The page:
Currency Volatility Prediction for 2018 – 2019
The Currency volatility set to increase during 2018 and 2019 says Tim Clayton, MoneyTransferComparison.com newswriter and market analyst. Read the reasoning below.
Despite a high-profile focus on major themes such as President Trump and Brexit, currency volatilities declined slightly during 2017 as political drama masked a lack of substantive change. The global economy performed well and central banks avoided major drama. Economic risks, however, are likely to increase considerably during 2018 while political drama will again be a key feature. In this context, currency volatility is likely to increase, especially given the risk of complacency surrounding the overall environment.
2017 volatility slightly fell:
Here is our super brief overview of the volatility in 2017 in the FX markets:
- There were certainly some sharp currency moves during 2017, although the data overall indicated that volatility declined slightly for the year.
- For the 18 most actively traded currency pairs, volume-weighted daily prices moved 8.0% for the year compared with 11% in 2016 and a five-year average of 9.5%. Overall volatility, therefore, was lower than both 2016 and the five-year average.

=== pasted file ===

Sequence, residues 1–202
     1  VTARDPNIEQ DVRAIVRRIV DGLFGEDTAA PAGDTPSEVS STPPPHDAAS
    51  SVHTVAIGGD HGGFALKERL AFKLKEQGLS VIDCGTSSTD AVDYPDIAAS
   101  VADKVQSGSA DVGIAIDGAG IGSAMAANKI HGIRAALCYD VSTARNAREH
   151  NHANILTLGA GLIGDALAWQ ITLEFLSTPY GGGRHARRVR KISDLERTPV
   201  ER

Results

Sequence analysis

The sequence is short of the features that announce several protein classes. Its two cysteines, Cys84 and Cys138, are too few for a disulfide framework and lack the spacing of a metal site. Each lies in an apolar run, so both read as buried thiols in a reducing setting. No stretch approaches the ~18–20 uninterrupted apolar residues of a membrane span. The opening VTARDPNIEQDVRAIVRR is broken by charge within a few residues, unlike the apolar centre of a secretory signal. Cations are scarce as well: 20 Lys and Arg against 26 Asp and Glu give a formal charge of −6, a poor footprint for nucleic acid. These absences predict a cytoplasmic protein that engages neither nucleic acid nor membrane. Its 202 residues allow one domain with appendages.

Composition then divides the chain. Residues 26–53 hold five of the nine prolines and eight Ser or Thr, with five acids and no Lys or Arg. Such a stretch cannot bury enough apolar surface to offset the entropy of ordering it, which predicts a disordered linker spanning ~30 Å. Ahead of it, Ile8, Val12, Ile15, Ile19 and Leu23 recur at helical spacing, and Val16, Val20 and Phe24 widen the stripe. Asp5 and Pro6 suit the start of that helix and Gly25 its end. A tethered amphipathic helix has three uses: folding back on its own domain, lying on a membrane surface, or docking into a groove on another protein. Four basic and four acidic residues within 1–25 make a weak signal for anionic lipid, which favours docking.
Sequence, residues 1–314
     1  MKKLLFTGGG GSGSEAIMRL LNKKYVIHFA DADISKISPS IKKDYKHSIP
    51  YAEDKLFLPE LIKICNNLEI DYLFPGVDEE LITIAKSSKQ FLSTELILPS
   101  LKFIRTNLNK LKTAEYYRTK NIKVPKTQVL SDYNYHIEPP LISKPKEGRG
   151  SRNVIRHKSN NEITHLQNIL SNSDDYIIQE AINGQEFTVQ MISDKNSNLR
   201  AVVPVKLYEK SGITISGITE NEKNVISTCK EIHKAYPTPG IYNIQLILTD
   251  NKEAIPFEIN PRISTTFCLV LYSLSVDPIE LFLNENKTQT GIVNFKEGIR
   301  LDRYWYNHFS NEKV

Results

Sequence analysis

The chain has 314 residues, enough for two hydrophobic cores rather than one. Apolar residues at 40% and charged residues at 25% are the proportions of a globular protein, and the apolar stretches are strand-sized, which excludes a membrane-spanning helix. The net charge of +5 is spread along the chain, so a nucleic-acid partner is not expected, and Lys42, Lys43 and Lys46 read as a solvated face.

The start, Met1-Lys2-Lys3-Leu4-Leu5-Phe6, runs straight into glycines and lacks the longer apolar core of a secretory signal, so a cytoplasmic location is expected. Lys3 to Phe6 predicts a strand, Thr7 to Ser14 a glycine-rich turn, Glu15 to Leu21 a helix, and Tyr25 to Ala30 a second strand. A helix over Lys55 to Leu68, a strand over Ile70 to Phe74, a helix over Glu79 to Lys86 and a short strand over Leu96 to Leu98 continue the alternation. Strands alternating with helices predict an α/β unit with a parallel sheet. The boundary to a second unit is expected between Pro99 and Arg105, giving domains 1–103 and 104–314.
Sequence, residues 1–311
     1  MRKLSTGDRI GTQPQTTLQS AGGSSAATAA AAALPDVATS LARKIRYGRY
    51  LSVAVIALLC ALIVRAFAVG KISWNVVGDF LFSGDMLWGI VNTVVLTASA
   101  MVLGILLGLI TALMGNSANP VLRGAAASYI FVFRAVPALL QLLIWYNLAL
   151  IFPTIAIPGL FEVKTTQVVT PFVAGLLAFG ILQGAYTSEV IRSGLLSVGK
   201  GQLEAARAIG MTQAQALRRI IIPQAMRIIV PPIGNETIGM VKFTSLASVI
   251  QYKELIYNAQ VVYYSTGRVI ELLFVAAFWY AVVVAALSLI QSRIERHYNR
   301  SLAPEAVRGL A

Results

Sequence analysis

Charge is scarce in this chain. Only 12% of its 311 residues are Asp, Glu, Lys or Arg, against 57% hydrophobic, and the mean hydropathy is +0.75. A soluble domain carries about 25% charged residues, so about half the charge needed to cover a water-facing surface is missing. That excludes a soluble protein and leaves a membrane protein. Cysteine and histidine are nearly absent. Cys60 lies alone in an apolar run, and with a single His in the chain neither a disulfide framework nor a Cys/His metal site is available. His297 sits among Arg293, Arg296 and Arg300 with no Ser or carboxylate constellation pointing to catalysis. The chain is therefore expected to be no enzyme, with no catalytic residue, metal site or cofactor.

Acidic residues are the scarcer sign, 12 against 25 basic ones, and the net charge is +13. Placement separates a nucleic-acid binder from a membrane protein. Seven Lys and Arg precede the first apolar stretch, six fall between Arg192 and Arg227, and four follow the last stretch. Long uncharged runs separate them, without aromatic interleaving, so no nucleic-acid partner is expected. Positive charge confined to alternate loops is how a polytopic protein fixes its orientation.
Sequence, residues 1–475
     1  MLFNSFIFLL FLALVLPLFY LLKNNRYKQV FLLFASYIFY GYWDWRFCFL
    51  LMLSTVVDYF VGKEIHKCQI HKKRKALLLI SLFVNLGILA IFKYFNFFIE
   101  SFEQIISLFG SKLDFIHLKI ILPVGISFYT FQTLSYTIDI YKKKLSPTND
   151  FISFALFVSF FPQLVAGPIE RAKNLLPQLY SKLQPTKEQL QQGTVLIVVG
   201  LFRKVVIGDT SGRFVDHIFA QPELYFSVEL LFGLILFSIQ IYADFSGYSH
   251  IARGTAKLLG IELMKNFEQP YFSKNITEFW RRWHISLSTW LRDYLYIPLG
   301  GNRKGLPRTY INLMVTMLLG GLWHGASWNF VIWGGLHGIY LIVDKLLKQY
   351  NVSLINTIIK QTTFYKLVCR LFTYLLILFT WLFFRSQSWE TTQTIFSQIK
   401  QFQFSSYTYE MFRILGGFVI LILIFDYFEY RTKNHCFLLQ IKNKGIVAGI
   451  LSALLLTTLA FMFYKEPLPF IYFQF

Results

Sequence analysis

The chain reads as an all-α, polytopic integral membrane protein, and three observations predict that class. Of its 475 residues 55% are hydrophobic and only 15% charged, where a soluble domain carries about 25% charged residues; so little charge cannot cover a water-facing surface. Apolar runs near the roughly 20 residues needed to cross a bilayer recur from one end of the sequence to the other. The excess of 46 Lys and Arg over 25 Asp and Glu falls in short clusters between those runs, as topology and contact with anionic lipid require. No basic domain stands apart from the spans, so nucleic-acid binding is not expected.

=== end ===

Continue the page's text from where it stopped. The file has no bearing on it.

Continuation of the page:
- Although volatility was lower, there was a perception that price moves were sharper during the year.
1) President Trump rhetoric versus reality
There was certainly no shortage of drama surrounding the Trump Administration during the year with the resignation or firing of many figures that held prominent positions just after the January inauguration.
Trump was a constant feature in the media with the focus amplified by his own extensive use of social media.
The political dramas ensured a huge amount of market coverage and Special Counsel Mueller’s investigation into contacts between the Trump team and Russian officials during the 2016 election campaign did have an important market impact at times.
The Administration, however, made relatively little headway in economic policy terms which limited the actual impact on the economy and markets.
Healthcare reform was blocked in the Senate and the early focus on attempting to repeal Obama’s policies also delayed economic reform measures.
After protracted debate, tax reforms were formally approved only in the final week of December while there was no move to boost infrastructure spending.
The inability to pass economic legislation tended to dampen market volatility while the US economy continued to perform strongly.